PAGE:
In mid-June, an article in the New York Times revealed to the world something that many Afghans already knew: Afghanistan sits on about $1 trillion-worth of minerals. Afghans are now hoping the news will help the government attract much-needed foreign investment.
Category: Doing Business in Afghanistan
India’s initiative to host the Delhi Investment Summit on Afghanistan tomorrow is a welcome step forward in enabling the country to achieve long-term economic self-reliance, in line with the key objectives of recent international conferences. The one-day summit intends to showcase Afghanistan’s economic potential and attract foreign investment, while exploring possibilities of cross-country investment partnerships and collaborative ventures from within the region and beyond as a regional and international confidence-building measure.
We often hear about Afghanistan’s domestic, regional, and transnational challenges each posed by the country’s abject poverty, the Taliban’s cross-border insurgency, and terrorism and drug trafficking that collectively destabilize Afghanistan. But we seldom pay attention to the greatest challenge posed to Afghanistan’s nation-building process by a lack of aid resources coupled with weak strategic coordination of aid implementation by the international community. Some of these challenges deserve special mention both to help overcome them and to avoid collective failure in a country where the international community continues to have the highest chance of success in view of Afghans’ optimism for a better future and their unlimited support for the international peace-building efforts in Afghanistan.
When I first joined the Embassy of Afghanistan in Washington, D.C., in 2004, as director of government and media relations, the embassy lacked everything from a basic management structure to carry out its routine diplomatic activities to a website that could help facilitate customer service online. The concept of public diplomacy through direct dialogue with the American people — explaining to them our shared interests in securing the future of Afghanistan — was unknown.
In the next couple of days, Afghanistan is hosting the sixth Regional Economic Cooperation Conference on Afghanistan (RECCA VI) in Kabul, where RECCA was first held in 2005. This regional initiative followed the signing by Afghanistan’s neighbors of the Kabul Declaration on Good Neighborly Relations in December 2002, in the aftermath of the 9/11 terrorist attacks on the United States to be commemorated soon.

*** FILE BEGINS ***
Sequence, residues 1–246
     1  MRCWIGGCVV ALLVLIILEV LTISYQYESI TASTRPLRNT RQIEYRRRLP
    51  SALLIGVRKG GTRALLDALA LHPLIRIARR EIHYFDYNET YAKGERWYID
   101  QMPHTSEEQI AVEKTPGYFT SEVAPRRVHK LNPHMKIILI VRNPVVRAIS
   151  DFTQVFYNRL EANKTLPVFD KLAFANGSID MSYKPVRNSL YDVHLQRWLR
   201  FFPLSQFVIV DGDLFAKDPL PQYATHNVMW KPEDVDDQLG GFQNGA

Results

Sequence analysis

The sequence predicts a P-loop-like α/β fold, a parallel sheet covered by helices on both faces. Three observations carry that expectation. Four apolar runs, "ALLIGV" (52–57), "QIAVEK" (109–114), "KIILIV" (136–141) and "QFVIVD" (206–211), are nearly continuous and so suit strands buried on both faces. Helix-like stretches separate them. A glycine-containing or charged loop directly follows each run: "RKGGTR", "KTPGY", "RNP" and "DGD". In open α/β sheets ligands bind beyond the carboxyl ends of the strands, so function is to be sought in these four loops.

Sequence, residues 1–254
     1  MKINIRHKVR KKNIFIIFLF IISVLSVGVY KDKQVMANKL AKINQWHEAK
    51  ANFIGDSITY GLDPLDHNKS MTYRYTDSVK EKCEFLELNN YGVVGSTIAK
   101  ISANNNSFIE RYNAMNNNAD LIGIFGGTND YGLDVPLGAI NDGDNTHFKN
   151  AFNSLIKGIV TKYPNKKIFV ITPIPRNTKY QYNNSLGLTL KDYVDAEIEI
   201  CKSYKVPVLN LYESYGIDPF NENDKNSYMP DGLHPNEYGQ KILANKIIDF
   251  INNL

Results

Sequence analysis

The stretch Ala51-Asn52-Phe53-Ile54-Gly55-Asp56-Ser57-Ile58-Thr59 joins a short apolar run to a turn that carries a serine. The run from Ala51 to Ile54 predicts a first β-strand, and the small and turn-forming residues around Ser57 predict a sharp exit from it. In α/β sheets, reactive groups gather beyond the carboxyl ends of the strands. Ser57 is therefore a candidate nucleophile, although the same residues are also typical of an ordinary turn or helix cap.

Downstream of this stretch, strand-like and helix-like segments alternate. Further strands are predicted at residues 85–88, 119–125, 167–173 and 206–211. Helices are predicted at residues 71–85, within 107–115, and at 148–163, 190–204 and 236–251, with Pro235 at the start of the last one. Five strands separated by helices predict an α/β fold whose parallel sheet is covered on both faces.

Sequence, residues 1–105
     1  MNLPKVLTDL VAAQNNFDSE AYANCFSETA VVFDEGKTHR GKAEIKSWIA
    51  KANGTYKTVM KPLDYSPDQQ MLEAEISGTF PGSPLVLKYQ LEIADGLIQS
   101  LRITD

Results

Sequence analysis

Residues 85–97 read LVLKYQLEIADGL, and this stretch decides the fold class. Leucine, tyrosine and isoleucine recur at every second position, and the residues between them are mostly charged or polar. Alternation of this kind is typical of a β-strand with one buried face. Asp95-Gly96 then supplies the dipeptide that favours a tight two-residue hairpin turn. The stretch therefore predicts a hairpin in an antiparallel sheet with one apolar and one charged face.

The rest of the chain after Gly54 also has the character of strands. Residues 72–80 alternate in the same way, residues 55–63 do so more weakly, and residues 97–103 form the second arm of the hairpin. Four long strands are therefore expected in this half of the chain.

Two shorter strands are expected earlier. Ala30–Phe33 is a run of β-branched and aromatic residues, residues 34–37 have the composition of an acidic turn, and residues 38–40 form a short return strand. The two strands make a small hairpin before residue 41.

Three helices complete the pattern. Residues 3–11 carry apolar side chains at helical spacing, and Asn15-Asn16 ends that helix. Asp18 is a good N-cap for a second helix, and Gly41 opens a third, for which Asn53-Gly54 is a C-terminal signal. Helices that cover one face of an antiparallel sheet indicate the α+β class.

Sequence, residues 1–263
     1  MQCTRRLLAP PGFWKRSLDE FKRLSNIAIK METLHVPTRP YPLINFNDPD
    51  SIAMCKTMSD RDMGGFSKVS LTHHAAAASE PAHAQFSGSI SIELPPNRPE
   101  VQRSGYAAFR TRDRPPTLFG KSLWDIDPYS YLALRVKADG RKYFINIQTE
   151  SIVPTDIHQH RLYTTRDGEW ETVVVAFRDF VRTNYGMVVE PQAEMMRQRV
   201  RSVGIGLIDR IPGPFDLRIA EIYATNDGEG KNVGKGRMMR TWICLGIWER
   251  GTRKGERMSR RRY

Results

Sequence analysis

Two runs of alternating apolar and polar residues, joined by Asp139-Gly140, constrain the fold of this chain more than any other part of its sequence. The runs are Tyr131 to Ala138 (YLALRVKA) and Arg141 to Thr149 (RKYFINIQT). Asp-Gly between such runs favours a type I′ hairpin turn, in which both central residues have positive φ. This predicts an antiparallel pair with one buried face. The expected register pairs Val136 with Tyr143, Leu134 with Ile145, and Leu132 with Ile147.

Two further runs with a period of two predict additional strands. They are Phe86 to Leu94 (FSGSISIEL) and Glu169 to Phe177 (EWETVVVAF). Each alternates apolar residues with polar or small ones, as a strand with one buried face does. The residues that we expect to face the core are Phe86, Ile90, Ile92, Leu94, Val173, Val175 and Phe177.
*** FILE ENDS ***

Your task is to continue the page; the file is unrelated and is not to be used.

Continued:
The Trump administration has recently been encouraged to consider a plan using private military companies (PMC) to maintain security in Afghanistan. According to Blackwater founder Erik Prince, the plan’s primary external supporter, such a force would include 5,500 personnel and a 90-plane ready-to-use air force. Aside from saving American soldiers’ lives, it would cost the U.S. treasury $10 billion per year instead of the current $40 billion. In terms of command structure and composition, the personnel would be embedded within existing Afghan security forces as advisors and the air-force would drop bombs when directed by the Afghan government.Continue reading
Recently, this author was invited to a track 1.5 China-Afghanistan-Pakistan symposium on “Tackling Terrorist Threats, Jointly Safeguarding Regional Security” in Beijing. The rare trilateral symposium was welcomed by the three sides as a good opportunity to exchange views and to offer tangible, policy and operational solutions for the consideration of their respective governments to help them address jointly the intertwined threats of terrorism, extremism, and criminality in the region. The discussions were so constructive on the seminal role, which major regional stakeholders can play to stabilise Afghanistan, that the absence of an Indian delegation was needfully felt around the table.Continue reading
At the recent Shanghai Cooperation Organization (SCO) Summit in Tashkent, Uzbekistan, Afghan President Ashraf Ghani discussed the threats posed by “destructive change” and the countless opportunities offered by “creative change” in the Eurasian landscape and its emerging continental economy. He told his counterparts that “our greatest common project is the revival of the Silk Roads,” whose main gateway is Afghanistan, connecting Central and South Asia and the Middle East.